Ethical standards are practically non-existent in the promotion and management of boxing. Footballers have player’s unions...ditto baseball. Boxers are essentially orphans, who are completely dependant on their trainers and promoters. Many boxers are used and abused by these people. Why should the media aspire to treat them any better? In the days of Rome, one man, Spartacus, stood firm and organized his “sport”. The plight of single combat warriors is still the same. A national convention of state boxing commissions needs to be held, and some serious, mandatory, nation-wide regulations and authority, with complete, interstate reciprocity need to be promulgated. Otherwise, boxing will remain a “racket” which chews up, and spits out brave and talented young men.
A state which does not have a commission recognized by the national authority will not be allowed to hold sanctioned matches. Boxers and promoters who cannot meet mandatory fight schedules will have their titles and ratings stripped. In sports the word “professional” means that you conform to the schedule, toe the mark and do your thing when you are told to do so. This suggests the use of the “D” word. If there is any sport which should have discipline across the board, it is boxing.
With the greater risk of fatal consequences, humans escalate discipline to the Nth degree. Military organizations require maximum control of human behaviors because lives are at stake. Boxing and auto racing are not far behind in the need for regulation. If you want to see enforcement of specifications down to the last molecule, just try to pass a NASCAR or F1 inspection. The day of the prima-Donna boxer and his back-room promoter must come to an end.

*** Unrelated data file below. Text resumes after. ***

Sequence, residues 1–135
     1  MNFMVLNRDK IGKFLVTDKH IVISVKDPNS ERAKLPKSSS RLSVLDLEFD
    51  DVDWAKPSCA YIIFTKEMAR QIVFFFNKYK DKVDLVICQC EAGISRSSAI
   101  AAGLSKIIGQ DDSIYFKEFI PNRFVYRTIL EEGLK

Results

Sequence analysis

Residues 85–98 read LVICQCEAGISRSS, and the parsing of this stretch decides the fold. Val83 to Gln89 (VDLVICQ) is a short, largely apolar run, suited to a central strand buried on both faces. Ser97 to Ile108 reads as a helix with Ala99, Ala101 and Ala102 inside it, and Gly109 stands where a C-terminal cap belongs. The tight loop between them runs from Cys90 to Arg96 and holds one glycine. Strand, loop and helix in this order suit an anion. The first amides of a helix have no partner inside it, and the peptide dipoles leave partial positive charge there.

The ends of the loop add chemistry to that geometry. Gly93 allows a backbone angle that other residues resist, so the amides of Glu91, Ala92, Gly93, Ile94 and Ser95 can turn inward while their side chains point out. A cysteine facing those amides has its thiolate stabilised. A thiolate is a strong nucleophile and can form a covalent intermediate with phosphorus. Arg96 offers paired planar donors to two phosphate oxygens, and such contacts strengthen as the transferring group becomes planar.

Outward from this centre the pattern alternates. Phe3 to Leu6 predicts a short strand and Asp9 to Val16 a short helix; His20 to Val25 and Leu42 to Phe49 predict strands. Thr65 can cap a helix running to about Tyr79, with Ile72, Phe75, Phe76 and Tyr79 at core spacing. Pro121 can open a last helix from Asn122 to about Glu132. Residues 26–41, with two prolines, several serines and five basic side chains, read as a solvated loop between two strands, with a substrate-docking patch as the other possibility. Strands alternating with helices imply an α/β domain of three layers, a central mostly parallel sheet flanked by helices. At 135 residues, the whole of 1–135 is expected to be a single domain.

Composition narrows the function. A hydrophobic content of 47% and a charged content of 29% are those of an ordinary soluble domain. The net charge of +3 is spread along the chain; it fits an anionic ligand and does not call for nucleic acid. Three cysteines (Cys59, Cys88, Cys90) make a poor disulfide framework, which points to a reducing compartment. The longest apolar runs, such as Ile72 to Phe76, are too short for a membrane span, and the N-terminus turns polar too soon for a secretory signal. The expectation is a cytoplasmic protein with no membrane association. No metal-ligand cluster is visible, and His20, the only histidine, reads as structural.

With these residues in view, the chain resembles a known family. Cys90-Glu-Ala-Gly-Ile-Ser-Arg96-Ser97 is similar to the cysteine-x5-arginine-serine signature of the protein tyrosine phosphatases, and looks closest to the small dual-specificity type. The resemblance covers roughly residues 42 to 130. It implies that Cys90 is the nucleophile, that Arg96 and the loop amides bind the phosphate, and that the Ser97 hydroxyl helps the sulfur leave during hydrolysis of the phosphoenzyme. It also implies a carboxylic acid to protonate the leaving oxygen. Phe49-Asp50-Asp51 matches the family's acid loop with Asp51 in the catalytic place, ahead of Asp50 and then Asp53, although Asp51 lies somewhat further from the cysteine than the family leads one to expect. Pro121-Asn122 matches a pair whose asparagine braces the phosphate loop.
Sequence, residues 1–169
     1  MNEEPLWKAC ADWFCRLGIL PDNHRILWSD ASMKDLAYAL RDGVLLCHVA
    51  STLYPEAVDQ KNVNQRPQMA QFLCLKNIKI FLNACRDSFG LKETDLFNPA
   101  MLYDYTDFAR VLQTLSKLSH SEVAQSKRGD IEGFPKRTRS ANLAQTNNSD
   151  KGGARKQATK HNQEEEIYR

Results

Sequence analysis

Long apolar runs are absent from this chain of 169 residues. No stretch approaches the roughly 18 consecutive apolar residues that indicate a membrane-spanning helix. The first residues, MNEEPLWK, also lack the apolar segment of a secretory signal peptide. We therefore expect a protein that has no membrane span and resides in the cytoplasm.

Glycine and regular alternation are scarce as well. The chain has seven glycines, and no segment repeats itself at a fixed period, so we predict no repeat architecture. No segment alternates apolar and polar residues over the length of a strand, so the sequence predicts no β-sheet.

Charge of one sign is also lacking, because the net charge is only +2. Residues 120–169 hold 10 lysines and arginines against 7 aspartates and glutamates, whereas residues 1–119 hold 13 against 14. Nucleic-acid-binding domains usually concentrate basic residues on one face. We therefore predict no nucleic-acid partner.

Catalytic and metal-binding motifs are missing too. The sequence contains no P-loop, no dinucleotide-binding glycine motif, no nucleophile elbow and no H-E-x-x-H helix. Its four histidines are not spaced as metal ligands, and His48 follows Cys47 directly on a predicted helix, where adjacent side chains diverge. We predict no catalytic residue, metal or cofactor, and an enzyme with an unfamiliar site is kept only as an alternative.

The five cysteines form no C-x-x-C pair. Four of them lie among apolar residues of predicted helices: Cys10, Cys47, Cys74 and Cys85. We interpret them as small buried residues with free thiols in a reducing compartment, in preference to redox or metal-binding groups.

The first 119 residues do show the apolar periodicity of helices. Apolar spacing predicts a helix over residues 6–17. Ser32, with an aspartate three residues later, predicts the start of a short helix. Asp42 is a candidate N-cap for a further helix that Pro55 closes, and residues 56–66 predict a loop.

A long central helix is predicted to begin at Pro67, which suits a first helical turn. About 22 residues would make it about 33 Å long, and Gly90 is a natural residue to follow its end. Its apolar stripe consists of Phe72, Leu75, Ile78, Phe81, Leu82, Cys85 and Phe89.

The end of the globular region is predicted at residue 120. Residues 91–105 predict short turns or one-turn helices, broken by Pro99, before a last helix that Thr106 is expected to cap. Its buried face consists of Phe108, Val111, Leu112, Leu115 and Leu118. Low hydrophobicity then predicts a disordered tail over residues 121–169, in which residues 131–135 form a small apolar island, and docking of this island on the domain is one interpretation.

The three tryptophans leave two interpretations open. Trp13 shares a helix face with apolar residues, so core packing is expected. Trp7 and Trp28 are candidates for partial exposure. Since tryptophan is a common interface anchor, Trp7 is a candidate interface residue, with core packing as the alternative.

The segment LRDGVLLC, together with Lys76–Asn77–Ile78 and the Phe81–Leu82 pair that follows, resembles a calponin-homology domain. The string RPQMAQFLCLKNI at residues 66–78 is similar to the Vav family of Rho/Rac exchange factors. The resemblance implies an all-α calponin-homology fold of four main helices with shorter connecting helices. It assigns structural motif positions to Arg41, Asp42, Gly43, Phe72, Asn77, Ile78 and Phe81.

American know-how has often been an example which the rest of the world has emulated. Free-enterprise within well-managed social and economic systems has produced social and material well-being which is the envy of many. If boxing can become a more respectable venue for personal success through regulation, and it can, more talented men will step forward to participate. The ranks of contenders will swell and the current, slow drift of success off-shore will be reversed. If the tide is not turned, the day will come where American Boxing will become a backwater on the world scene. China will spend in excess of thirty billion dollars on the 2008 Olympics. Europe and the Far East are brewing a mix of athletic talent which will easily eclipse Western efforts. The recent paltry showing of the U.S. boxing team is proof positive that a national authority is imperative.
The State and Federal governments must be lobbied to pass legislation which gives boxers at least the same considerations that dog and horse racing receive. The best way to discourage a fan is to never let him know when he will get his next fix. The major sports are successful because they provide a consistent, predictable flow of product to the consumer. ESPN’s hiatus is proof positive that Boxing has stepped to the edge of a cliff and is contemplating suicide. Even PPV will not survive without a national organization to put an end to the neurotic chaos boxing has become.
In modern society Dog-and-Pony shows are becoming a thing of the past. We are not back in the fifties and sixties where Evil Knievel style events can carry an entire sport. Every other sport has proven that through regular application of standards, champions and heroes emerge to thrill us all. There are many dynamics which preclude success, but organization is not one of them; it is the antidote. Other articles have been written on this subject, but repetition is often the essence of education. Everybody on this site and throughout the boxing community, with the possible exception of some avaricious promoters, want to see the sport improved. I suspect that one of the main reasons for the current lack of talent in some divisions, is that guys who are big enough and fast enough to be professional boxers, take one look at the mismanagement of boxing, and take their talents to some other sport.
If you guys don’t get on to your government officials to require that the sport be nationally regulated, it will die. Letter writing campaigns, phone calls and any other method of bringing the plight of boxing and boxers to national attention must be initiated. Otherwise you all best prepare yourselves to be “thrilled” by the tension and excitement of Lawn Bowling and Curling. It seems paradoxical that those who like fights, won’t put one up to save their sport.